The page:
Help exiting loop upon serial input, return to main loop

Hi all,
Need a bit of help. I have an infinite loop (rainbowCycle) that’s called upon when my main loop receives a certain serial command defined in the main loop. The rainbowCycle loop works as expected, but it’s then unable to process subsequent serial inputs, it just loops forever. I’ve tired adding line in the loop to break if Serial.available() > 0 , but it doesn’t take action on the serial inputs. I’m thinking it needs to exit to the main loop with the serial data in tow , but I can’t figure out how.

Thanks in advance :slight_smile:

// EEPROM - Version: Latest 
#include <EEPROM.h>
#include "Adafruit_TLC5947.h"

#define NUM_TLC5974 1

#define data   4
#define clock   5
#define latch   6
#define oe  -1  // set to -1 to not use the enable pin (its optional)
Adafruit_TLC5947 tlc = Adafruit_TLC5947(NUM_TLC5974, clock, data, latch);

void setup() {  
  Serial.begin(9600);
  pinMode(4, OUTPUT);
  pinMode(5, OUTPUT);
  pinMode(6, OUTPUT);
  tlc.begin(); 
  int r;
  int g;
  int b;
  EEPROM.get(0, r);
  EEPROM.get(2, g);
  EEPROM.get(4, b);

    for(int i=0; i<8*NUM_TLC5974; i++)
    tlc.setLED(i, r, g, b);   //sets all 24 outputs.
    tlc.write(); 
  
}

// Slightly different, this makes the rainbow equally distributed throughout
void rainbowCycle(uint8_t wait) {
  uint32_t i, j;
while(1){
  for(j=0; j<4096; j++) { // 1 cycle of all colors on wheel
    for(i=0; i< 8*NUM_TLC5974; i++) {
      //Wheel(i, ((i * 4096 / (8*NUM_TLC5974)) + j) & 4095); //multicolor
       Wheel(i, j);  // all the same color
    }
    tlc.write();
    delay(wait);
    
  }
}
}

// Input a value 0 to 4095 to get a color value.
// The colours are a transition r - g - b - back to r.
void Wheel(uint8_t ledn, uint16_t WheelPos) {
  if(WheelPos < 1365) {
    tlc.setLED(ledn, 3*WheelPos, 4095 - 3*WheelPos, 0);
  } else if(WheelPos < 2731) {
    WheelPos -= 1365;
    tlc.setLED(ledn, 4095 - 3*WheelPos, 0, 3*WheelPos);
  } else {
    WheelPos -= 2731;
    tlc.setLED(ledn, 0, 3*WheelPos, 4095 - 3*WheelPos);
  }
}

void loop() {
 
  // If information is available in the serial port we will use it:
  while (Serial.available() > 0) {
    
    //int red = 0, green = 0, blue = 0;
    int red, green, blue, effect;
    int r;
    int g;
    int b;
    // search for the next valid chain of whole numbers and 
    // assign the value converted to a whole number to the corresponding variable
    red = Serial.parseInt();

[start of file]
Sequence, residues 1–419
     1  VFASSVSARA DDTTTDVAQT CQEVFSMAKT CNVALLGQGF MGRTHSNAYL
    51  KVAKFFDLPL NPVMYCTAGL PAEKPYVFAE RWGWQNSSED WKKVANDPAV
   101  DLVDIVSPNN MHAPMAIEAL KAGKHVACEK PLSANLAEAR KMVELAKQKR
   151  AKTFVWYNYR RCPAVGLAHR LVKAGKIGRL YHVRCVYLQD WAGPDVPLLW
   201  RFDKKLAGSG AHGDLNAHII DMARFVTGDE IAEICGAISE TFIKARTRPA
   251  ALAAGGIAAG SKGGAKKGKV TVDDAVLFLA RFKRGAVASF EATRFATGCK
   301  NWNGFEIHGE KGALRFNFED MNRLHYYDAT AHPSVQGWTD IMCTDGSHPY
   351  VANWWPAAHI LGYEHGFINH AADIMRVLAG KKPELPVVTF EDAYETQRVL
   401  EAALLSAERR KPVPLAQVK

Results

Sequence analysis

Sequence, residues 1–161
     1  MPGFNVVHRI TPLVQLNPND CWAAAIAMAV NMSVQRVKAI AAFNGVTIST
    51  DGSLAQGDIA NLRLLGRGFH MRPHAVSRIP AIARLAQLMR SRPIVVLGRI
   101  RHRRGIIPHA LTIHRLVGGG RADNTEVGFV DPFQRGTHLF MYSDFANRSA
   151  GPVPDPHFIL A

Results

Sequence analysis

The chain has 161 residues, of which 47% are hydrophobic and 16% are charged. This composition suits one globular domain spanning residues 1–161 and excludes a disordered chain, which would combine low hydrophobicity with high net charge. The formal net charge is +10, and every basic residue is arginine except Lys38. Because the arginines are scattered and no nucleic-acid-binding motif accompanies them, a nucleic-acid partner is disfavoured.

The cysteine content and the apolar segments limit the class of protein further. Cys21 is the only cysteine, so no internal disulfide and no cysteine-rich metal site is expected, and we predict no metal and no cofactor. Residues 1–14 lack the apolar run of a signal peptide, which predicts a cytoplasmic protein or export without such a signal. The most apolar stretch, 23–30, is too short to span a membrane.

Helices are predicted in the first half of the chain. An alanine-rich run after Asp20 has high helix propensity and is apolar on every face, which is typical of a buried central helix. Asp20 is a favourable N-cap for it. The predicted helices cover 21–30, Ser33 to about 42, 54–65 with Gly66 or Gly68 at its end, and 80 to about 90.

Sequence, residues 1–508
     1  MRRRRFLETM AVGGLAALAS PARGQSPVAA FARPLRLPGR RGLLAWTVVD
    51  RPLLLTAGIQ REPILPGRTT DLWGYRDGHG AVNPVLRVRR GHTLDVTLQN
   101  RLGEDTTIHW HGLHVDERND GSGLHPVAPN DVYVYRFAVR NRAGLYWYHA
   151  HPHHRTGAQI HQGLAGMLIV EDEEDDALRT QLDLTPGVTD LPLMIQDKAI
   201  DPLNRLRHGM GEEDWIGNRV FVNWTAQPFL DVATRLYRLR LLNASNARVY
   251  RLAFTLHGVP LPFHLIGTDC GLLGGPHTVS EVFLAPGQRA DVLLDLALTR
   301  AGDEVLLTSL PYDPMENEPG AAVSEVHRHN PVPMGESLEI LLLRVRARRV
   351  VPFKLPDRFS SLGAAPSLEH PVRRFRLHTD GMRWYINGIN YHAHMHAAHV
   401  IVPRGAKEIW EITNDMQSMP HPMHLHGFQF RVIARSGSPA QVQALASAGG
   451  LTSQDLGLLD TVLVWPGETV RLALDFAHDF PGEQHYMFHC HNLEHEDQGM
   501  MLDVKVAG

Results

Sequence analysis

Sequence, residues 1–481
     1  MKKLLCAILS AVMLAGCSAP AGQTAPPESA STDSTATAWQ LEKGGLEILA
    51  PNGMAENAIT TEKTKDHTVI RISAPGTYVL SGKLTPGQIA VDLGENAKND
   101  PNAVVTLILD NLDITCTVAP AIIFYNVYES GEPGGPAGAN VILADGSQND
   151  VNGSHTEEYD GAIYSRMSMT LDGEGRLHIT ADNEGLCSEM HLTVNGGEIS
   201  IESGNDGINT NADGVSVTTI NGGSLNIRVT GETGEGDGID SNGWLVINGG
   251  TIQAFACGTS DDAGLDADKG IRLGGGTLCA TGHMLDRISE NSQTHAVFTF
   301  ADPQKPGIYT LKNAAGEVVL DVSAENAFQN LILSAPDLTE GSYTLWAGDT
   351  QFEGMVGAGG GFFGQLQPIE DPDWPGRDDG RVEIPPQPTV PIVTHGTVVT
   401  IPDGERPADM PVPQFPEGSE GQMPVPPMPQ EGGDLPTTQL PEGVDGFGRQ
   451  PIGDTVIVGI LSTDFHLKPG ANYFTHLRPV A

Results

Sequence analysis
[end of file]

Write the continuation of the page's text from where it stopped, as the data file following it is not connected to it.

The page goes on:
// search again.
    green = Serial.parseInt();
    // search again:
    blue = Serial.parseInt();
    // search again:
    effect = Serial.parseInt();
 
    // search for the end of line character. Tell the program that the entering of data has been finished.
    // If you use the Arduino IDE or another IDE that allows the format to be included
    // of the new line on sending data via the serial monitor, delete the comment
    // from line 33 and comment on line 34.
    
   // if (Serial.read() == '\n'){
    if (Serial.read() == '*'){
 
      // Using constrain, we make sure that the value is within the PWM range
      // For common anode LEDS use, for example, for red: red = 255 - constrain(red, 0, 255);
      red = constrain(red, 0, 4095);
      green = constrain(green, 0, 4095);
      blue = constrain(blue, 0, 4095);
      effect = constrain(effect, 0, 9);
 
      // print the three numbers in one string as hexadecimal:
      //Serial.print(red, HEX);
      //Serial.print(green, HEX);
      //Serial.println(blue, HEX);
 
     r = red;
     g = green;
     b = blue;
    for(int i=0; i<8*NUM_TLC5974; i++)
    tlc.setLED(i, r, g, b);   //sets all 24 outputs.
    tlc.write(); 
    
    EEPROM.put(0, r);
    EEPROM.put(2, g);
    EEPROM.put(4, b);
    
    if (effect > 0) 
      rainbowCycle(1);
    else 
      //something
      break;
    
        
    }
  }
}

1 - please format your code. ctrl-T in the IDE
2 - when would you expect that while(1){} loop to complete?

Hi,

  1. I'm using the web based IDE, it's not pasting in as nicely as it's actually formatted. sorry.

  2. I used while(1) as a generic way to get the loop to loop continuously. maybe there's a better way to do this. what I actually intend is Loop continuously , until serial data is received. Upon receiving serial data, read the data and take actions as defined in the main loop for the serial data.

The loop() function loops continuously. Use that.

The serial input basics tutorial has robust and non-blocking methods for receiving serial data.

Your code is missing a setup() function.

Solved by having the main loop check a value saved in EEPROM.